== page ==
Despite the terrible death toll, the repression didn’t win, that is to say it has already lost, that the balance of force has not been reversed and that the street imposes its power. Obviously at this stage the continuation of an excessive repression against thousands of people who are willing to defend themselves by all means, including with guns, would have led to an unimaginable spiral. The fragility of the President’s political power, the internal contradictions of the ruling class, external pressures (from Germany, France and Poland as well as Russia) did finally the rest and forced Yanukovych to accept a truce (imposed by the EU and Russia), which will prove to be a surrender.
The logical and inevitable radicalization of the movement at this time, its extension to new populations and social strata, and its possible generalization to a large part of the territory as well as the likely increase in its level of “military” confrontations pushed the neighbouring continental powers (mainly the EU and Russia) to intervene, under cover of behaving as fire-fighters and calming things down, in order to restore foremost social and institutional law and order. In addition, as AWU comrades said: “The EU, Russia and other global powers are unlikely to allow a chaotic war zone in a country which has major gas and oil transit routes, 15 atomic reactors etc.” (3)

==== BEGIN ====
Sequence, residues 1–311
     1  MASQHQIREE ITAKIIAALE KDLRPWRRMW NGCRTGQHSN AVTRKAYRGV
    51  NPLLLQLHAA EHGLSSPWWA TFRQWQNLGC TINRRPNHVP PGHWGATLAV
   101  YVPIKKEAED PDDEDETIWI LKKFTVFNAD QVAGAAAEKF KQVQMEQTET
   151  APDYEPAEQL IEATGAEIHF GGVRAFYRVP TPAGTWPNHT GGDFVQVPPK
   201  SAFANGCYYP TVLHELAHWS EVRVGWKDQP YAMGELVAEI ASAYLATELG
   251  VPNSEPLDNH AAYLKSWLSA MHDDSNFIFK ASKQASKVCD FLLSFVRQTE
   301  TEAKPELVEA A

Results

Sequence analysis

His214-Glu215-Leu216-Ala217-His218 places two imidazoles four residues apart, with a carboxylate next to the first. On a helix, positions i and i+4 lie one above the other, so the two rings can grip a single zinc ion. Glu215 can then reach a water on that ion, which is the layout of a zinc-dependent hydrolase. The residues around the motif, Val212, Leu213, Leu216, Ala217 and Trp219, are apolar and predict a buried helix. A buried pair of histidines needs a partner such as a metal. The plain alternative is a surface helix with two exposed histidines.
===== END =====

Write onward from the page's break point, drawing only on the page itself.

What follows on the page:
At this time, the EU and Russia should push Yanukovych towards the exit and change the ruling team in the country while giving the parliamentary opposition a boost, which is in charge for maintaining the balance between the interests of European capital and those of the Putin’s regime.
Moreover neither the EU nor Russia have an interest in letting develop movements that could echo what happened lately in the Balkans (Croatia, Slovenia) and this winter in Bosnia and Herzegovina (Tuzla, Mostar, Sarajevo...) where a social movement emerged, ignoring the ethnic divisions imposed by the European Union and especially Germany, and unified the Serbs, Croats and Bosnians trying to impose a local authority controlled by general assemblies against official administrations established and controlled by the international community.
The main elements of the crisis
Ukrainian crisis depends on several levels, with different actors and with an equal issue.